Famous dancer held as police swoop in fresh raids on cult

PUBLISHED : Wednesday, 03 May, 1995, 12:00am
UPDATED : Wednesday, 03 May, 1995, 12:00am

TOKYO: Police suddenly resumed widespread raids yesterday on a doomsday cult linked to Tokyo's subway gas attack, arresting a well-known dancer and seeking other high-profile members of the sect.

In what appeared to be a move to reassure Japanese about their safety as they headed into one of the country's most popular holiday periods, police swooped on 11 facilities owned by Aum Shinri Kyo.

Television showed live coverage of the arrest of Tomoko Kashima, 44, once the toast of Tokyo for her lead roles in a number of Western-style dance shows.

Kashima, like about 100 other Aum members arrested so far, was not detained on charges directly linked to the March 20 sarin gas attack in which 12 people died and 5,500 were injured.

Police said Kashima was arrested in her sect-owned apartment on suspicion of kidnapping her 19-year-old daughter when she refused to join her mother in the cult.

Kashima was one of Japan's best-known dancers in the 1970s for her scantily clad chorus-girl roles which made her a favourite with theatre and television audiences.

The dancer joined the sect in 1989 shortly after making a 'miracle' comeback from a spine injury suffered in a snowmobile accident. At the time she attributed her comeback to the sect's mysterious healing powers and training.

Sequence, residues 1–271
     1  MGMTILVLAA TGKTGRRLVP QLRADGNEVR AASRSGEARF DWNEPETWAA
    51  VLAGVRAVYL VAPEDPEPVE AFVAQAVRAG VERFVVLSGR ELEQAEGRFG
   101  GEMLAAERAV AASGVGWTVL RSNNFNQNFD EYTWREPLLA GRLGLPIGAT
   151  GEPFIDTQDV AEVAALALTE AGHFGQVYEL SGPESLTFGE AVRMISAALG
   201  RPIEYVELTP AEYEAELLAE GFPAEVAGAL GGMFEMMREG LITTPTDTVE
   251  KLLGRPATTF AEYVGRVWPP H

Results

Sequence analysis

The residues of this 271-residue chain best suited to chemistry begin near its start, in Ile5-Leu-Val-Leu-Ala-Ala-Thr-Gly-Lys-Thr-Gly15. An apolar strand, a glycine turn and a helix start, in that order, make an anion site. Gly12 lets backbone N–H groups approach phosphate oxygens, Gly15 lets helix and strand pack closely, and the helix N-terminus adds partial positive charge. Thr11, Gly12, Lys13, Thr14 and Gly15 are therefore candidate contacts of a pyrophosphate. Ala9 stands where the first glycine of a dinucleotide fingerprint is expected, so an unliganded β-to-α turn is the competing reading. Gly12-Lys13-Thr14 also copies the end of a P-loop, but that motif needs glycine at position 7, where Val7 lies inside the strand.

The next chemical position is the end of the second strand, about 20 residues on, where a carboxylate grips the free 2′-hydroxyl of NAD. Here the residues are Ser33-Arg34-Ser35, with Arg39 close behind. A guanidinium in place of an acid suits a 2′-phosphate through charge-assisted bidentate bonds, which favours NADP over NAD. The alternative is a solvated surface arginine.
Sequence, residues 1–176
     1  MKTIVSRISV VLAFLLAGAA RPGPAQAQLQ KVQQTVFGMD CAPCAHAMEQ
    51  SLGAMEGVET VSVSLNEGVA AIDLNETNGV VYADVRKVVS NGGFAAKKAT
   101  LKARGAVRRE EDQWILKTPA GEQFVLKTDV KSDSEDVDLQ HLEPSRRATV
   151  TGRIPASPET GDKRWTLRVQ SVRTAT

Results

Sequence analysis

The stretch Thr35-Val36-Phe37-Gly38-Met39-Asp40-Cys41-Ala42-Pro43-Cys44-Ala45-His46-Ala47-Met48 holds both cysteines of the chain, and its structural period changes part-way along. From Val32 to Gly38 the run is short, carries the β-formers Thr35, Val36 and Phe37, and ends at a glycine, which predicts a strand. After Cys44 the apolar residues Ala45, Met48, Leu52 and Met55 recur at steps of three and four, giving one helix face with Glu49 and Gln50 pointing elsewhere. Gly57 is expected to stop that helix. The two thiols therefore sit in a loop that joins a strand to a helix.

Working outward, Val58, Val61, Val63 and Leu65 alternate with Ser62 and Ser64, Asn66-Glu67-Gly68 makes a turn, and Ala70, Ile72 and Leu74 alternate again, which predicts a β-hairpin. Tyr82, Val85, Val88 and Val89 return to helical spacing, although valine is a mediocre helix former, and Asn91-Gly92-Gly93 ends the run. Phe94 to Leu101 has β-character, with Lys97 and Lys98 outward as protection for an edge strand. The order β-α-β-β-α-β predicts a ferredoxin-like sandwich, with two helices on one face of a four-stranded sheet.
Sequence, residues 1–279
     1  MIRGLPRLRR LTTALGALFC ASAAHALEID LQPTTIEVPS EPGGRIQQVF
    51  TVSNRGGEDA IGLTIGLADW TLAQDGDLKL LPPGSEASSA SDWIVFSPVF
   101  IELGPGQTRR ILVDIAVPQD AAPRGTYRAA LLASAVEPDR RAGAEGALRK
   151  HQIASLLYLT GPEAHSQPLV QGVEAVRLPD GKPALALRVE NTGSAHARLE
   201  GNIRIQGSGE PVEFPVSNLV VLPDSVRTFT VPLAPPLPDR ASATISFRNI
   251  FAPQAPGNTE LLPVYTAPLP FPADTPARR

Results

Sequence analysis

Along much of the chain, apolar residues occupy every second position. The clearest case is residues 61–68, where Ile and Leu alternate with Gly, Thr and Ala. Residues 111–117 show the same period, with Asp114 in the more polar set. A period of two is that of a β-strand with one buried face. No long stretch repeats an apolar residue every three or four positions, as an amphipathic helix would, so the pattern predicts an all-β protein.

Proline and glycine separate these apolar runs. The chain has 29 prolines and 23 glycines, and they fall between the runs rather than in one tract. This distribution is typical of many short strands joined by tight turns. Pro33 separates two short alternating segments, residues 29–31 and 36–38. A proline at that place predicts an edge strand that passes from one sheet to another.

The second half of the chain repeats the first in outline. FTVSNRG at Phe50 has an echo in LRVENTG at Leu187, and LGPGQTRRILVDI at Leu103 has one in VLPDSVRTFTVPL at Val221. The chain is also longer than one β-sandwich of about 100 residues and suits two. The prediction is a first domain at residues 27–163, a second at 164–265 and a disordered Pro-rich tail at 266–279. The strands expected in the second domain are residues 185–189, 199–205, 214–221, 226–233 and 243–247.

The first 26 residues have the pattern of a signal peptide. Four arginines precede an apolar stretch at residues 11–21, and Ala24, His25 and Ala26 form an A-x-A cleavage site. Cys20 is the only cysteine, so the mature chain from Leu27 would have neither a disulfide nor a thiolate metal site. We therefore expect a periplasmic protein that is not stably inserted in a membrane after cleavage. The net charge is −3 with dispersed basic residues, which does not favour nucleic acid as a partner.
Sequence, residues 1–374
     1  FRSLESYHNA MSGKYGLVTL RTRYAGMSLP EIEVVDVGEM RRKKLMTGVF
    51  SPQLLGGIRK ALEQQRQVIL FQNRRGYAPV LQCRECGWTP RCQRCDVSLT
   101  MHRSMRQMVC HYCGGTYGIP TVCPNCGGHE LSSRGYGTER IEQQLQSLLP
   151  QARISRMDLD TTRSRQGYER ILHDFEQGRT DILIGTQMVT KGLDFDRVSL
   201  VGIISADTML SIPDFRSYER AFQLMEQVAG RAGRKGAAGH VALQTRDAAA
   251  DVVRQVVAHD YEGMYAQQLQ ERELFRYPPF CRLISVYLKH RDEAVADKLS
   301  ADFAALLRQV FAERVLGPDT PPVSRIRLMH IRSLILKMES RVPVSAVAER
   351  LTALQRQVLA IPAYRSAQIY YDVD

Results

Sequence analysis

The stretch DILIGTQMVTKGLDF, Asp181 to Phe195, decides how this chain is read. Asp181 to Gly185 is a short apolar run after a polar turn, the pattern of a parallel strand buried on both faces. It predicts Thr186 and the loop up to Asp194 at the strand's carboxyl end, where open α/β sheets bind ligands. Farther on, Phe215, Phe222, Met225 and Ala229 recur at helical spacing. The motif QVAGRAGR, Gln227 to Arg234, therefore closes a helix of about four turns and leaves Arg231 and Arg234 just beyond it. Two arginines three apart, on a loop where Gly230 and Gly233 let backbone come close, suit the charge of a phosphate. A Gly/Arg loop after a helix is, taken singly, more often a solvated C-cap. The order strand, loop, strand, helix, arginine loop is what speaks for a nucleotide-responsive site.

After joining it, she aggressively led publicity campaigns to persuade people to join the cult and since the March 20 attack has strongly defended it.

Another prime target of the raids, the first for 10 days and the most extensive since a crackdown in the days after the attack, was Aum's chief spokesman Fumihiro Joyu, 32.

Japanese magazines have reported that the boyish-looking Joyu has become an idol of some teenagers with his almost-daily appearances on television to defend the sect.

But Joyu was not found when police, also in the glare of live television, raided the sect's Tokyo headquarters where he operates.

Police also hope the raids may give them clues to the whereabouts of sect founder Shoko Asahara, in hiding since two days before the March 20 poison gas attack.

In raids over the past six weeks, police have found all the ingredients needed to make sarin at Aum facilities but they are still searching for conclusive proof that the cult was involved.

To allay public anxiety ahead of a five-day holiday period starting today known as 'Golden Week', 60,000 police officers have been mobilised to guard airports, railway stations and bus depots.